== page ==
(H) A representative of physicians specializing in substance use disorder treatment of children and adolescents.
(I) A representative of pediatricians specializing in providing services to homeless and at-risk youth.
(2) A representative of Medi-Cal managed care plans appointed by the Speaker of the Assembly.
(3) A representative of foster youth and homeless youth appointed by the President pro Tempore of the Senate.
(c) Members of the expert panel shall serve without compensation, but shall be reimbursed by the department for all actual and necessary expenses incurred during the performance of their duties.
(d) Members of the expert panel shall serve at the pleasure of the appointing party.
(e) The expert panel, when deliberating and making recommendations, shall pay particular attention to the California Society of Addiction Medicine’s most recent version of “Standards of Care for Adolescent Substance Use.”

11759.20.
 (a) On or before January 1, 2020, the department shall adopt regulations to establish youth SUD treatment, early intervention, and prevention quality standards following the recommendations of the expert panel. The department may amend the regulations based on recommendations from the expert panel. The regulations shall support the development of a statewide system of youth-focused SUD treatment programs and include all of the following:
(1) Criteria for ensuring that programs and services are relevant to, and reflect the demographics of, California’s children and youth, including race, family status including homeless and foster youth, ethnicity, languages spoken at home, gender identity, and sexual orientation.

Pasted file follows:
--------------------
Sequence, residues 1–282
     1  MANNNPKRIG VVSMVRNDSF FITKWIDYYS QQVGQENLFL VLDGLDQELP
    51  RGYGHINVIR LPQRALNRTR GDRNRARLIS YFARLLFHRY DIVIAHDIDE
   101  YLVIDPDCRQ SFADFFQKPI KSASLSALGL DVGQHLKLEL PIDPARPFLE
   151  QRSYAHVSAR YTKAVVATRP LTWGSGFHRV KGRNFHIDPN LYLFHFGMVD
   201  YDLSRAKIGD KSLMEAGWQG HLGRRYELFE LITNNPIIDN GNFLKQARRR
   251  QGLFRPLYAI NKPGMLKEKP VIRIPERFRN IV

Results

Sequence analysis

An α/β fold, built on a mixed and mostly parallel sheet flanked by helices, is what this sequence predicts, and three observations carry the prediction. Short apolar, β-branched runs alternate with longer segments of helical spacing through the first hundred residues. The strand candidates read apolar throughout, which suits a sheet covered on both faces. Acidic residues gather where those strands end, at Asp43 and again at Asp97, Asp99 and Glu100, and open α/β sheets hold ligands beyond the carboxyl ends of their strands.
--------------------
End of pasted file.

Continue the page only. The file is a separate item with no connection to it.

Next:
(2) Minimum quality standards to ensure services provided meet all of the following criteria:
(A) Appropriate to the age and developmental needs of the individual.
(B) Trauma-informed and evidence-based.
(C) Offering a continuum of care that includes screening and assessment for substance use disorder and mental health, early intervention, active treatment, family involvement, case management, overdose prevention, prevention of communicable diseases related to substance use, relapse management for substance use and other cooccurring behavioral health disorders, medication-assisted treatments, family therapy and counseling services, psychiatric medication, and psychotherapy.
(3) Standards for connecting children, adolescents, young adults, and their families to relevant community and social services to support the individual’s plan for the prevention, early intervention, and treatment of substance use disorders, including, but not limited to, housing, health care coverage, county social services, vocational services, literacy services, parenting classes, and other supports, as needed.
(4) A plan for developing and retaining a culturally and linguistically appropriate workforce to deliver services.
(5) (A) Criteria to ensure public and private contracted providers delivering services to youth and families maintain a minimum level of quality services, as determined through development of a responsible contractor program.
(B) The responsible contractor program shall be supported by indicators and data related to the public and private contracted providers delivering direct services to youth and families.